Understanding the effects of wildfire on fish populations and stream geomorphology in Twitchell Canyon




Natural disturbances could catalyze metapopulation restoration if they occur at sufficient scale. For instance, wildland fire commonly reduces or eliminates populations of fish in burned watersheds, and wildfires are forecasted to increase with climate warming and earlier spring snowmelts. A fire-catalyzed restoration opportunity currently exists in Clear Creek and associated tributaries within Beaver, Sevier, and Piute counties, Utah. This watershed consists of 114 km of stream habitat, most of which historically contained Utah’s state fish, the Bonneville cutthroat trout, Oncorhynchus clarkii utah (BCT). This project is addressing three general interdisciplinary questions: 1) Based on the geomorphic setting and combination of fire, rainfall and other environmental variables, why were some creeks more impacted than others? What are the most meaningful metrics to quantify impacts? 2) How significant was the landscape response from this event compared with other wildfires in the same area and how do erosion rates estimated from this event compare to the long-term (millennial-scale average, i.e., natural background) rates of erosion? 3) What is the trajectory of biological and physical recovery and does it vary predictably within and among streams?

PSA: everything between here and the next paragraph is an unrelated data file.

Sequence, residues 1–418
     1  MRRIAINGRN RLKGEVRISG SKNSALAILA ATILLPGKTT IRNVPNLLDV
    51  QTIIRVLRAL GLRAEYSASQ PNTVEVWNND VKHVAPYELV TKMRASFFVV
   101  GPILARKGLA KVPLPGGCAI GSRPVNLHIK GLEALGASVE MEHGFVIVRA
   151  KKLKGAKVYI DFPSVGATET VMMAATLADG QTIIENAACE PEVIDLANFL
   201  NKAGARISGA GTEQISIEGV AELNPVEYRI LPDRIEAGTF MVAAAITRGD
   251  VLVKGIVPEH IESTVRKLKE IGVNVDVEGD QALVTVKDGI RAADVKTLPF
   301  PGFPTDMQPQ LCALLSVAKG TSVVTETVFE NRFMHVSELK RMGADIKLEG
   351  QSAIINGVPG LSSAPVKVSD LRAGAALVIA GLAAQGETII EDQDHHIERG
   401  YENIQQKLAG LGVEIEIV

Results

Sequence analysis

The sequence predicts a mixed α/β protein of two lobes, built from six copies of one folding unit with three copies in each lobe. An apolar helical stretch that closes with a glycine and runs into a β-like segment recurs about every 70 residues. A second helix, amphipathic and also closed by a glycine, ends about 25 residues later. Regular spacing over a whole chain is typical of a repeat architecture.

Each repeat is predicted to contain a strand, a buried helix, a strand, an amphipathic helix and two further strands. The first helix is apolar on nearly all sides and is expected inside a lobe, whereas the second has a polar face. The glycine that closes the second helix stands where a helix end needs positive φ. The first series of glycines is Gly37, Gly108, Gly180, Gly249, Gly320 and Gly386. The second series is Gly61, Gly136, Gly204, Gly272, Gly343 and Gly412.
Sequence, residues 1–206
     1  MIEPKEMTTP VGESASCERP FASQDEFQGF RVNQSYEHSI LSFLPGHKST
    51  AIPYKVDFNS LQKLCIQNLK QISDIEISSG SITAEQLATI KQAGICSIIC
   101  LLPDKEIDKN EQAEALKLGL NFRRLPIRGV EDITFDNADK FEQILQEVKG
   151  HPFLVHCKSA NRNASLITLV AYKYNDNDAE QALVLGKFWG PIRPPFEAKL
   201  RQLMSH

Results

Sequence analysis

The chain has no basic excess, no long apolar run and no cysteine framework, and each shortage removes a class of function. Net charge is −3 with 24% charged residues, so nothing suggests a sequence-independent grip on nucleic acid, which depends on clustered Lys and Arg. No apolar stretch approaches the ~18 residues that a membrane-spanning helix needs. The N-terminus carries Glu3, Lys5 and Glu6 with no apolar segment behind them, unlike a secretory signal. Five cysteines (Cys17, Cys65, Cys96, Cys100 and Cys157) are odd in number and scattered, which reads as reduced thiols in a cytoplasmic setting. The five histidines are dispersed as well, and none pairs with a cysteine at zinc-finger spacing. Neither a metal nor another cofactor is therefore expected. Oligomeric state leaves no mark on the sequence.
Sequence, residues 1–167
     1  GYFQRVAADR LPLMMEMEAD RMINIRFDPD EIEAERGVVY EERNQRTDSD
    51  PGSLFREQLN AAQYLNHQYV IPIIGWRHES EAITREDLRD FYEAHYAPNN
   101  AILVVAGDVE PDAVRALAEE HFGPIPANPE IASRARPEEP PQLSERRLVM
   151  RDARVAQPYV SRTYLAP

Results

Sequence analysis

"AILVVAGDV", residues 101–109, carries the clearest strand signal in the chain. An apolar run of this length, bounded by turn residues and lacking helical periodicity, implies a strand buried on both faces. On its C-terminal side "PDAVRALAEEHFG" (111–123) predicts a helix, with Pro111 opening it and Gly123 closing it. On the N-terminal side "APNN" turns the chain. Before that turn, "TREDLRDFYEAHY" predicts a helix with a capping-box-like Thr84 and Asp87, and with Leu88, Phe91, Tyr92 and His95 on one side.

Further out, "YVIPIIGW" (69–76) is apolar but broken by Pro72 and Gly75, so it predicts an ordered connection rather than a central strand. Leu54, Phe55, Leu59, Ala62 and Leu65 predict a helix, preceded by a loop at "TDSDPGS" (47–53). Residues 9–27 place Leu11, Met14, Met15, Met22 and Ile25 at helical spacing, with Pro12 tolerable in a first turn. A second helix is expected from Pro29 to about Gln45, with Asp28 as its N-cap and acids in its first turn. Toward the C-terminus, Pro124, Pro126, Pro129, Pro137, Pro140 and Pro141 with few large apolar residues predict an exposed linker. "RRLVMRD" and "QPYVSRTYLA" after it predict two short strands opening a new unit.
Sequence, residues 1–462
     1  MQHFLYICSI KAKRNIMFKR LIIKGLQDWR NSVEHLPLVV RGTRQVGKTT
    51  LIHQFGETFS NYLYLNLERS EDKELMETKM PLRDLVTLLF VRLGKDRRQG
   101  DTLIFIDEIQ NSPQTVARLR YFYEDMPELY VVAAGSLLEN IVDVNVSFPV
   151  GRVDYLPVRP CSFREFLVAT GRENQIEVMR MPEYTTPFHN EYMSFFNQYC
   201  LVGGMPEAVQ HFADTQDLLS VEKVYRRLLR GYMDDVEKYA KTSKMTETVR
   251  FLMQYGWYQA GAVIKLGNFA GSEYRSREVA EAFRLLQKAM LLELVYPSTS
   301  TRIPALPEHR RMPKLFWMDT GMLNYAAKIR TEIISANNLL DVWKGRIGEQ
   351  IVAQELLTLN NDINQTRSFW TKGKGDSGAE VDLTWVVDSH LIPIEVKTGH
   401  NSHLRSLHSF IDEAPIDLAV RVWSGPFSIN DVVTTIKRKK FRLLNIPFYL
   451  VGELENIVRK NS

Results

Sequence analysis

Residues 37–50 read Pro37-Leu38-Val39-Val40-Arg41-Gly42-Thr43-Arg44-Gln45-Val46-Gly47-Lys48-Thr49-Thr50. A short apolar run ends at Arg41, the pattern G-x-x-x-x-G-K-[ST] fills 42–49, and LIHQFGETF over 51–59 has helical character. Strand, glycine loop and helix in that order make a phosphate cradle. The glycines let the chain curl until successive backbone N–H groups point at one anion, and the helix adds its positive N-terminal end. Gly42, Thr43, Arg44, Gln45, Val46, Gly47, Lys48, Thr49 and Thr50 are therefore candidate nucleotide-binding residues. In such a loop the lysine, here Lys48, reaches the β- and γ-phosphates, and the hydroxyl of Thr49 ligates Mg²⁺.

• U.S. Forest Service
  • Utah Division of Wildlife Resources
  • US Geological Survey – Utah Cooperative Fish and Wildlife Research Unit (in-kind)
  • Quinney College of Natural Resources: Quinney PhD Fellowship


  • Phaedra Budy, Principle Investigator, USGS – UCFWRU – Department of Watershed Sciences and the Ecology Center
  • Patrick Belmont, Co- Principle Investigator – Department of Watershed Sciences and the Ecology Center
  • Brendan Murphy, Post-doctoral Fellow, USU – Department of Watershed Science
  • Colton Finch, PhD Candidate, USU – Department of Watershed Science and the Ecology Center

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